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Inflation & gold; both sides of the double-edged sword are razor-sharp

Commentaries & Views

There is extreme duplicity between inflation and gold. Currently, that duplicity is acting as a double-edged sword with both sides honed to razor sharpness. On the one hand, as inflation moves higher, it makes gold a favorable asset to hold in your portfolio. It is considered one of the better inflationary hedges.

However, in the case of inflation and interest rates, higher inflation will pressure gold lower based on the fact that it will force the hand of the Federal Reserve to raise rates more aggressively in both how many rate hikes the Federal Reserve will initiate this year and possibly the size of the individual rate hikes.

Currently, market participants are waiting for the release of the U.S. core CPI (Consumer Price Index) on Wednesday. Economic forecasts are predicting a rise to the highest level seen in nearly 40 years. The U.S. core CPI index came in at an unheard-of rate of 4.9% in November of last year.

Economists are predicting that the core CPI will rise to 5.4%. Because the core CPI index strips out the costs of energy and food, clearly two of the most essential goods and services that all Americans depend on, the core CPI is not as realistic as inflationary indexes that contain the inflationary rise in the cost of food and energy.

Forecasts for the CPI, which include food and energy costs are forecast to reflect the fact that inflationary pressures continue to surge causing millions of Americans more of their income for their necessities. In November of last year, government reports indicated that the inflationary rate had climbed to 6.2% after forecasts came in just under at 5.8% for October. In December, analysts were dead on predicting that the CPI would increase from 6.2% to 6.8%.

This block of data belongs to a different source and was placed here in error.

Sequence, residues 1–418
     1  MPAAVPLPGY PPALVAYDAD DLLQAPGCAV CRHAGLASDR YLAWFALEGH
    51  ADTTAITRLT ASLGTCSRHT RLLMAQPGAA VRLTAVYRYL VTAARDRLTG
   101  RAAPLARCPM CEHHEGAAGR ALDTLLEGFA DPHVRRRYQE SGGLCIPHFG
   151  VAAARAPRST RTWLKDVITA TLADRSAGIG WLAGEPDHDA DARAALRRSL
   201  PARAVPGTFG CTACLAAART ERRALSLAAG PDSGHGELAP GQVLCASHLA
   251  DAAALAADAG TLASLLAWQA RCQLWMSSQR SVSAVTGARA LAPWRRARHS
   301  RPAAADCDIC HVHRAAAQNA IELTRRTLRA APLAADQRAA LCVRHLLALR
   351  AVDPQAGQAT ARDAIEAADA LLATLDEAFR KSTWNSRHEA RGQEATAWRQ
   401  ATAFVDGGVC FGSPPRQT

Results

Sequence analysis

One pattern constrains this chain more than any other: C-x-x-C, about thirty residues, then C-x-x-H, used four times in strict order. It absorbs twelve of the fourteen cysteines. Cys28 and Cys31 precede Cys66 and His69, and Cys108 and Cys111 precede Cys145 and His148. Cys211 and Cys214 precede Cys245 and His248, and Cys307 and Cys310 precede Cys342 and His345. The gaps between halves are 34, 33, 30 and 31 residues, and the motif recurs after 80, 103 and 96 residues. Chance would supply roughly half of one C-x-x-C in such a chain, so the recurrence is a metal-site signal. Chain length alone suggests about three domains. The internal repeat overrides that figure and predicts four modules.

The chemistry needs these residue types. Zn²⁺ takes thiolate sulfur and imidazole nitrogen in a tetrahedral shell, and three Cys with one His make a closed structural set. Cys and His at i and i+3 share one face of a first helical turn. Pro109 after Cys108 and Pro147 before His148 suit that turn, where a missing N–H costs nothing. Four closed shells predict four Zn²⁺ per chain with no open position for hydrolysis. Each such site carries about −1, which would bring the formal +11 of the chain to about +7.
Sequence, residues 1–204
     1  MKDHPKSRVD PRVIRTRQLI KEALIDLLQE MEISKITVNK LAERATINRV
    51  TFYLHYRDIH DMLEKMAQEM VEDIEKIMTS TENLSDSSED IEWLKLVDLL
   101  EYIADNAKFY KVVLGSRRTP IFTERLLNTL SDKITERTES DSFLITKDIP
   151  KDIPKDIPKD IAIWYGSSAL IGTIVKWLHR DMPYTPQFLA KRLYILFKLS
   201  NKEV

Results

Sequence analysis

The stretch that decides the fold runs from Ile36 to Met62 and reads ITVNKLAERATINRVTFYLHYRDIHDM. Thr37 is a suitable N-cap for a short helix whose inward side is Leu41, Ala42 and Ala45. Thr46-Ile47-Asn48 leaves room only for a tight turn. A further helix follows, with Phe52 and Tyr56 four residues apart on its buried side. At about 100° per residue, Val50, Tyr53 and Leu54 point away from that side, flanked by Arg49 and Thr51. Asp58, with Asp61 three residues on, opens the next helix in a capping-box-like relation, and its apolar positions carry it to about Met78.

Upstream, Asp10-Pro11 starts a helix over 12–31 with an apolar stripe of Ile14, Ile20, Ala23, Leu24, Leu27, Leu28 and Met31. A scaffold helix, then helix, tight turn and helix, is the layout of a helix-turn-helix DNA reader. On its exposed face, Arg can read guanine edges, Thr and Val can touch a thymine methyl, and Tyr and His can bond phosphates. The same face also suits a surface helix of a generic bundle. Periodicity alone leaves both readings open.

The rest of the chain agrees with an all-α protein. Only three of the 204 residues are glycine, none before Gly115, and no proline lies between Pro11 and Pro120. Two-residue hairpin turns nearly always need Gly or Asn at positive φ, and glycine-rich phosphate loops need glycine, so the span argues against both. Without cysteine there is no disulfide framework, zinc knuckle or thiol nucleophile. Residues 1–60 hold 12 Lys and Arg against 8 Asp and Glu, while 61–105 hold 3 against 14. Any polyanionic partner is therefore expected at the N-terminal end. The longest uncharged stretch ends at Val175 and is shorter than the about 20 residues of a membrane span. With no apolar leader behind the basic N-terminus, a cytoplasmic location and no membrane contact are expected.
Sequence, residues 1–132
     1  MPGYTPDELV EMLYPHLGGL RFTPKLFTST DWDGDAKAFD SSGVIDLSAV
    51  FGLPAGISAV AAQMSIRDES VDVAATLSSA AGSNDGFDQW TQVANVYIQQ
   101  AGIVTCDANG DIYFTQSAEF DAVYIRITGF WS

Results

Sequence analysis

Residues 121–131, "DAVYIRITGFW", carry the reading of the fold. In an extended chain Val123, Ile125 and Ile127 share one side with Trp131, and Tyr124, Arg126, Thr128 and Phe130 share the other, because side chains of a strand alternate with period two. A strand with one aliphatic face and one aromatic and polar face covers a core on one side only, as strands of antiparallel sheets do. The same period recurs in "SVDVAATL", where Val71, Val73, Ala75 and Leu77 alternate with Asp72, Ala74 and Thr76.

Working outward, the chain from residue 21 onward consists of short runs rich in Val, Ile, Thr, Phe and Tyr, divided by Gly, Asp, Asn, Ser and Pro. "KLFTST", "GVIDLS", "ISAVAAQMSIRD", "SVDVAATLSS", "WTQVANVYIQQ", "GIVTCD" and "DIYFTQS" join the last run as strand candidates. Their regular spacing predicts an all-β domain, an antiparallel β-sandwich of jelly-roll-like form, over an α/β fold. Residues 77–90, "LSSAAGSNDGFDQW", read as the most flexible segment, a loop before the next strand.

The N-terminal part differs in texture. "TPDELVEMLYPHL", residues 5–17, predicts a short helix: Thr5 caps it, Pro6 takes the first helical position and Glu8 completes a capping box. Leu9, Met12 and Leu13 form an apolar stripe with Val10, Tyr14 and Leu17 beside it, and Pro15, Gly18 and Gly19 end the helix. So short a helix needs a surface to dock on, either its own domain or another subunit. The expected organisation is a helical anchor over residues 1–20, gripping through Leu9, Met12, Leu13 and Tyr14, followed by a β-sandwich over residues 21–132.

The inflationary pressures continue to get direr as economists are forecasting yet a higher inflationary level for December of last year of 7%. The last time inflationary pressures ran this high was in the 1980s when inflationary pressures averaged between 13 ½% in 1980, 10.3% in 1981, and 6.1% in 1982.

While it’s clear that rising inflationary pressures will create bullish and bearish market sentiment for gold, at least for now, there is a slight edge in the bullish camp. As of 5:00 PM EST, gold futures basis most active February 2022 Comex contract is currently up $3.90, a net gain of 0.22% and fixed just above $1800 at $1801.30. Our technical studies indicate that the first level of resistance if gold continues to move higher occurs at approximately $1805 based on a combination of the 61.8% Fibonacci retracement, which is currently at 1804 $4.60, and the 50-day moving average, which is currently fixed at $1805.40. If gold continues to rise above that resistance level, the next area of resistance occurs at approximately $1815 based on a series of tops recently seen in gold pricing.

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Wishing you as always, good trading,

Disclaimer: The views expressed in this article are those of the author and may not reflect those of Kitco Metals Inc. The author has made every effort to ensure accuracy of information provided; however, neither Kitco Metals Inc. nor the author can guarantee such accuracy. This article is strictly for informational purposes only. It is not a solicitation to make any exchange in commodities, securities or other financial instruments. Kitco Metals Inc. and the author of this article do not accept culpability for losses and/ or damages arising from the use of this publication.